ACE inhibitor angioedema: characterization and treatment versus non-ACE angioedema in acute hospitalized patients.
J Community Hosp Intern Med Perspect. 2020;10(1):16-18
Authors: Weisman DS, Arnouk N, Asghar MB, Qureshi MR, Kumar A, Desale S, Camire L, Pineda S
Background: ACE angioedema has not been characterized in comparison with angioedema from other causes in acute hospitalized patients. Methods: We retrospectively compared ACE-angioedema and non-ACE angioedema patients from January 2013 to May 2017. Results: Of 855 cases screened, 575 met the inclusion criteria of angioedema diagnosis and an electronic medical record. Of these, 297 (51.7%) had ACE angioedema and 278 had angioedema from other causes, of these 31 who were taking an ACE inhibitor that was not considered to be the cause of angioedema (ACE other cause). At least 80% of cases in all groups were African American. Epinephrine was prescribed in 21% of ACE angioedema cases. One-third of patients in all groups were admitted to the ICU, and about 25% required intubation. Previous history of ACE inhibitor-induced angioedema was found in 63 of 278 non-ACE cause angioedema patients (23%) and in 23 (8%) in the ACE cause group. Conclusion: ACE angioedema was the cause of half of angioedema admissions over a 4.5-year period. Mortality, morbidity, and treatment did not differ between the groups. Patients on ACE inhibitors were often treated with medications known not to be effective for ACE angioedema. Over one-fourth of patients not taking an ACE inhibitor had a previous history of ACE angioedema, and 31 patients taking ACE inhibitors were diagnosed with non-ACE angioedema. Regardless of the etiology of angioedema, 25% of patients required airway protection in the form of intubation.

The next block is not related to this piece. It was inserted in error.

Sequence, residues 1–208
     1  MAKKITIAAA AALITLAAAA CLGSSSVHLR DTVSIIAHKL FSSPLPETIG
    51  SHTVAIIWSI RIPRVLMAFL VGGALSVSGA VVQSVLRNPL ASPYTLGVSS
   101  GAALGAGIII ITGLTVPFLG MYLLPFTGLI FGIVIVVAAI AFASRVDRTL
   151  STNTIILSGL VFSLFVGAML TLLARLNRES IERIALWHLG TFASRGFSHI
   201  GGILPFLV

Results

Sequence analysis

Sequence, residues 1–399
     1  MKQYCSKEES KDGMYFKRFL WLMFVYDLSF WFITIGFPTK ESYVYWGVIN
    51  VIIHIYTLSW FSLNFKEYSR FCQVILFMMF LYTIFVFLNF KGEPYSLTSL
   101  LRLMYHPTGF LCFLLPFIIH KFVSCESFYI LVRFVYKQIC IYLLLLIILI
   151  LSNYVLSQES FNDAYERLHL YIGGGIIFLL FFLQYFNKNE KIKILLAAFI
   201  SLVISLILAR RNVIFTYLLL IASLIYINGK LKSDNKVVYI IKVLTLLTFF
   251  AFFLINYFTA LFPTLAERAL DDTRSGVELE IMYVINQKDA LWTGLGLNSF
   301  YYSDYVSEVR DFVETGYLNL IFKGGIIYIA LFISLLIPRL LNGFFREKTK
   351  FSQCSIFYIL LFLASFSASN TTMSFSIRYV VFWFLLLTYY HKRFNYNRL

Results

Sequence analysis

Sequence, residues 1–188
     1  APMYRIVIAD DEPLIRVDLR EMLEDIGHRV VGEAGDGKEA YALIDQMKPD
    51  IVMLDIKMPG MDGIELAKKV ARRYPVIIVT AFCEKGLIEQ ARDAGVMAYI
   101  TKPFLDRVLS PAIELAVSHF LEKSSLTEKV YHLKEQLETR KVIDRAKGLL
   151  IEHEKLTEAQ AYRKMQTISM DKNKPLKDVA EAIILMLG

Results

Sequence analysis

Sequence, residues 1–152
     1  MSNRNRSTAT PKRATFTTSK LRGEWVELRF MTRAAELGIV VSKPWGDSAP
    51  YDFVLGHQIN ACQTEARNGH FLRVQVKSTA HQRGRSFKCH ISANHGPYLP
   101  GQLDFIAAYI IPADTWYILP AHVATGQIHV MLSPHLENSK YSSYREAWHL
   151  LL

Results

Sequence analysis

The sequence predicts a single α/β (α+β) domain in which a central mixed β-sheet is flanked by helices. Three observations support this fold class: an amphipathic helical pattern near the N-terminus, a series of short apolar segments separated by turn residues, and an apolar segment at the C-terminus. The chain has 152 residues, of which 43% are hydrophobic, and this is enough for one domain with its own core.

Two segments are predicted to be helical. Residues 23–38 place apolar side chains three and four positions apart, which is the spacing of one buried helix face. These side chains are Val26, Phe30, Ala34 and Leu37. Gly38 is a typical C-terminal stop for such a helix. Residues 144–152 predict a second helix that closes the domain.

PMID: 32128053 [PubMed]